“I’m not sure that I have a favorite memory, but watching our kids grow to become capable, confident and independent is one of my favorite things about the farm,” Haynes said. “There are days I watch them do jobs and I think, ‘I know there are a lot of adults that couldn’t do that.’ Even if they choose not to return to the farm one day, I know they are learning skills and developing character traits that will go with them for the rest of their lives.”
Haynes said it’s not a specific memory, but she always loves it when they begin checking on mama cows in the wintertime.
“That usually means late-night checks before bedtime,” she said. “It’s usually after supper and kids already have on their pajamas. We will pile in the truck or trolley and check the mama cows for any potential calves or problems for the night. Sometimes it leads to an eventful bedtime.”
The Haynes children – Jack (15), Lola (12), Charlie (10), Caroline (6), Pruett (3) and Rueben (1) – have helped make the farm what it is today.
“There are a lot of days and weeks when we simply could not accomplish everything if it were not for the help of our kids,” Haynes said. “The older kids have really grown into their roles at the farm, whether it is working in the hayfield, planting, delivering meat, stocking inventory or running the market (or helping around the house while the rest of us accomplish farm duties). Everyone has jobs they enjoy more than others, so we try to be intentional where and how we ask for everyone’s help. We really function as a team and that is what I love most about being a farm family. It’s fun to hear them talk about things from a ‘farmer’s’ perspective – ‘We really needed this rain,’ ‘I hope these storms don’t do too much damage,’ etc. They are very aware of things around them and how they might positively or negatively affect the farm.”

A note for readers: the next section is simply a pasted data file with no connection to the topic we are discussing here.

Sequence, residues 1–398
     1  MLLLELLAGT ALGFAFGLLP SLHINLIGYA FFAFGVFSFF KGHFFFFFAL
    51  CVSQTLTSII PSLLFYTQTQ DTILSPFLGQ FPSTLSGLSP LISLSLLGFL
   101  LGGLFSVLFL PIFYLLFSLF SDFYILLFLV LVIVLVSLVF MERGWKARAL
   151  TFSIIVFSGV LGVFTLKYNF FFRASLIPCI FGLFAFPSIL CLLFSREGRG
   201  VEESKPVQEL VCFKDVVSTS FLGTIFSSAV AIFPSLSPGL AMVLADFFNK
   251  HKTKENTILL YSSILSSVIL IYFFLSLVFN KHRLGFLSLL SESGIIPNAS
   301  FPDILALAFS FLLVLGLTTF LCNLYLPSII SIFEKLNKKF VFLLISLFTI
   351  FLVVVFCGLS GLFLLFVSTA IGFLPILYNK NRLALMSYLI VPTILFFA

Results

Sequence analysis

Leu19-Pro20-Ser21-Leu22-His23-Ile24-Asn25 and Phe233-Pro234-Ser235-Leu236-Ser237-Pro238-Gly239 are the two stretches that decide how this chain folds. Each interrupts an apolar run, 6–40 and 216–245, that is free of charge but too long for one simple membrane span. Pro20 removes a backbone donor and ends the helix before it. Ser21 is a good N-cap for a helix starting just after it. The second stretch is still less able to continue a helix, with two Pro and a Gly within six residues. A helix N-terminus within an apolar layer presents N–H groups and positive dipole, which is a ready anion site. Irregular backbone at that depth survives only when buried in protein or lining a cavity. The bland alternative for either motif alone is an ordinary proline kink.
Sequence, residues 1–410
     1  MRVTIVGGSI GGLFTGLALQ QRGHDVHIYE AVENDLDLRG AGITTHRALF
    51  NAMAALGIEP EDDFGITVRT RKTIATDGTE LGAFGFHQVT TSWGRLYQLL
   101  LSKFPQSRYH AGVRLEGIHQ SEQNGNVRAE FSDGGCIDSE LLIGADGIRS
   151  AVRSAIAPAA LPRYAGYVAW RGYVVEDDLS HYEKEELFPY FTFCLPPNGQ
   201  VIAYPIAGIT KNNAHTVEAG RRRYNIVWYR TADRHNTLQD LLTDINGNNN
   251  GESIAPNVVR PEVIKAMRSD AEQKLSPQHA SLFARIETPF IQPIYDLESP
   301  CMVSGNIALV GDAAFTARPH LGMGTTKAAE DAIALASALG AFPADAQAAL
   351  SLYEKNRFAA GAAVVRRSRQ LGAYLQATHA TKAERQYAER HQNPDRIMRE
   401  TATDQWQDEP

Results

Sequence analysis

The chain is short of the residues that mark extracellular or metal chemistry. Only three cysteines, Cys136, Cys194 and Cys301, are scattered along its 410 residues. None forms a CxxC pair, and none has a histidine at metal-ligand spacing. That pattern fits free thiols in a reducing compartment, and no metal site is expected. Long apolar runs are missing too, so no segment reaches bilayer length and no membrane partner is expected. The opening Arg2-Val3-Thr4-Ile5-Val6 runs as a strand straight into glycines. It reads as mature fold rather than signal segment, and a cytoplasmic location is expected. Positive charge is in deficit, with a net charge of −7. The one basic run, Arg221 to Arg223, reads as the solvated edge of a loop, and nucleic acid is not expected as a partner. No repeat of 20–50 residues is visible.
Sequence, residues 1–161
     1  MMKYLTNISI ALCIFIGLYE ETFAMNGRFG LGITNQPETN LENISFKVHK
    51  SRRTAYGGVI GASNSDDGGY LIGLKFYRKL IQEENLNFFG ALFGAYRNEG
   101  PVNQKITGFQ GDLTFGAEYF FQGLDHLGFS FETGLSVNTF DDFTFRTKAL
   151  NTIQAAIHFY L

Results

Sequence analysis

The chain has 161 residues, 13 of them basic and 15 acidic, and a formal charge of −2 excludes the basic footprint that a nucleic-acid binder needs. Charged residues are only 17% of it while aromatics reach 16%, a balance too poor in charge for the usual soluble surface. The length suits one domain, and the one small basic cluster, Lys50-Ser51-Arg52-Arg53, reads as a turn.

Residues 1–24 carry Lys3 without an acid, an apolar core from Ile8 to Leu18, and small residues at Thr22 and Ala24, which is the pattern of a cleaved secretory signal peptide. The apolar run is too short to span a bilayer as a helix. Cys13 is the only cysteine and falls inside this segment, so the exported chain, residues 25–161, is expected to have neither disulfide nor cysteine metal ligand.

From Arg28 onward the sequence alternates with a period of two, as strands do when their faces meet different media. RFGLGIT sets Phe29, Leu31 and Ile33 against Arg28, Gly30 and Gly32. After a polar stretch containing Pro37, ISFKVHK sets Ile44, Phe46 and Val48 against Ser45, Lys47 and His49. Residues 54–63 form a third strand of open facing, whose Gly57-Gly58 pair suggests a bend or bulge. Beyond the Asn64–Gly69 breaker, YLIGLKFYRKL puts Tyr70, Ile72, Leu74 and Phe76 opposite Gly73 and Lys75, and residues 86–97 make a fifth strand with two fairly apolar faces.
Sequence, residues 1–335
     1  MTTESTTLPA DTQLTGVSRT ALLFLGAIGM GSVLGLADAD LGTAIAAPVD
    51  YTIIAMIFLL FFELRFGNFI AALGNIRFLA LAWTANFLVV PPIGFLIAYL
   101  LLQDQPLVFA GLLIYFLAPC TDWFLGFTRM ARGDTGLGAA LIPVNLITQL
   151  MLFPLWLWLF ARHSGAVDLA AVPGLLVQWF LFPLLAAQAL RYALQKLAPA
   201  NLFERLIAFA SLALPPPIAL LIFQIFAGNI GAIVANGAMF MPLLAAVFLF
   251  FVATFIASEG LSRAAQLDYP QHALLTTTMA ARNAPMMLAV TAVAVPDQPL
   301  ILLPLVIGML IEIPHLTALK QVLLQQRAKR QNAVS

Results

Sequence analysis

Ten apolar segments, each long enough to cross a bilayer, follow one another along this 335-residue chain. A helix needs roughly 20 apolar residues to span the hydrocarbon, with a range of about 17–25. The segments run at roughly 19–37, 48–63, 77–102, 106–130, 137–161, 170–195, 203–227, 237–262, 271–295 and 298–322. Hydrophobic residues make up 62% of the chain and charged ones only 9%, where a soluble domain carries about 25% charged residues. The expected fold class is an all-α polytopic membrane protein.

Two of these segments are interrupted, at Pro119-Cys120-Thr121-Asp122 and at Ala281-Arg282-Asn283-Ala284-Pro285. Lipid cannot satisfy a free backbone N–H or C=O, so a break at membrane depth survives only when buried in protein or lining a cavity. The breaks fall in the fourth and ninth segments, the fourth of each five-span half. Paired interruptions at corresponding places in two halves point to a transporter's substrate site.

When it comes to the community, Haynes said she enjoys watching other local families venture to their business.
“One of my favorite things I get to do because of our meat business is watch families and our community grow,” she said. “ I love meeting the people that buy our meat and hearing their stories -watching their children grow, learning their recipes, etc. It is amazing how many people are new to our area. I absolutely love knowing that we are part of the entire process. We watch the calves born on the farm. We are caretakers through the entire process. Knowing that people will take our products and nourish their families is such a blessing. I love the thought of people sitting down together at the table and we are a small part of that. We get to be a part of feeding the world, and with God’s help, we get to do that with our own hands and feet every day. Isn’t that neat!”